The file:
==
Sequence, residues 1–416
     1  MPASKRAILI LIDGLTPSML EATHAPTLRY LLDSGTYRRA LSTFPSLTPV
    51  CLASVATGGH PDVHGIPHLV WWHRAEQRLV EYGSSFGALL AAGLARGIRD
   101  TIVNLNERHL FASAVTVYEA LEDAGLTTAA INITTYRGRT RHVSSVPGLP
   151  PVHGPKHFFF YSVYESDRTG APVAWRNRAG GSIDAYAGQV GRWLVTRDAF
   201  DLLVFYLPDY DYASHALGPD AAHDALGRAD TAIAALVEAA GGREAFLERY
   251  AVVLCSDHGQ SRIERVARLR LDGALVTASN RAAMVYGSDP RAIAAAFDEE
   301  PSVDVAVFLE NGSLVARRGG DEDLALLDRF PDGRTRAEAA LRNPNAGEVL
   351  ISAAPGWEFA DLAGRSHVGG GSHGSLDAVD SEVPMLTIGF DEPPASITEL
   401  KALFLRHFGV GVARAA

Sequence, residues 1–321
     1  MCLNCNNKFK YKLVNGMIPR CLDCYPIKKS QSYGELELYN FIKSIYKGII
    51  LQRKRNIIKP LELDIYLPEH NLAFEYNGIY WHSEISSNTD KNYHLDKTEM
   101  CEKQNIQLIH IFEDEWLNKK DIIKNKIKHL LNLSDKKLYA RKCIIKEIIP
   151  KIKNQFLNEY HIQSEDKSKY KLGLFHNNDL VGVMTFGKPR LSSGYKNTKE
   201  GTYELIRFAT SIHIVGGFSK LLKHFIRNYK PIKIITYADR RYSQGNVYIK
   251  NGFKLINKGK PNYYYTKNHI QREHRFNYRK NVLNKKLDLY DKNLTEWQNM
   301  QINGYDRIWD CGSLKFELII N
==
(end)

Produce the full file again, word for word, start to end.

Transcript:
Sequence, residues 1–416
     1  MPASKRAILI LIDGLTPSML EATHAPTLRY LLDSGTYRRA LSTFPSLTPV
    51  CLASVATGGH PDVHGIPHLV WWHRAEQRLV EYGSSFGALL AAGLARGIRD
   101  TIVNLNERHL FASAVTVYEA LEDAGLTTAA INITTYRGRT RHVSSVPGLP
   151  PVHGPKHFFF YSVYESDRTG APVAWRNRAG GSIDAYAGQV GRWLVTRDAF
   201  DLLVFYLPDY DYASHALGPD AAHDALGRAD TAIAALVEAA GGREAFLERY
   251  AVVLCSDHGQ SRIERVARLR LDGALVTASN RAAMVYGSDP RAIAAAFDEE
   301  PSVDVAVFLE NGSLVARRGG DEDLALLDRF PDGRTRAEAA LRNPNAGEVL
   351  ISAAPGWEFA DLAGRSHVGG GSHGSLDAVD SEVPMLTIGF DEPPASITEL
   401  KALFLRHFGV GVARAA

Sequence, residues 1–321
     1  MCLNCNNKFK YKLVNGMIPR CLDCYPIKKS QSYGELELYN FIKSIYKGII
    51  LQRKRNIIKP LELDIYLPEH NLAFEYNGIY WHSEISSNTD KNYHLDKTEM
   101  CEKQNIQLIH IFEDEWLNKK DIIKNKIKHL LNLSDKKLYA RKCIIKEIIP
   151  KIKNQFLNEY HIQSEDKSKY KLGLFHNNDL VGVMTFGKPR LSSGYKNTKE
   201  GTYELIRFAT SIHIVGGFSK LLKHFIRNYK PIKIITYADR RYSQGNVYIK
   251  NGFKLINKGK PNYYYTKNHI QREHRFNYRK NVLNKKLDLY DKNLTEWQNM
   301  QINGYDRIWD CGSLKFELII N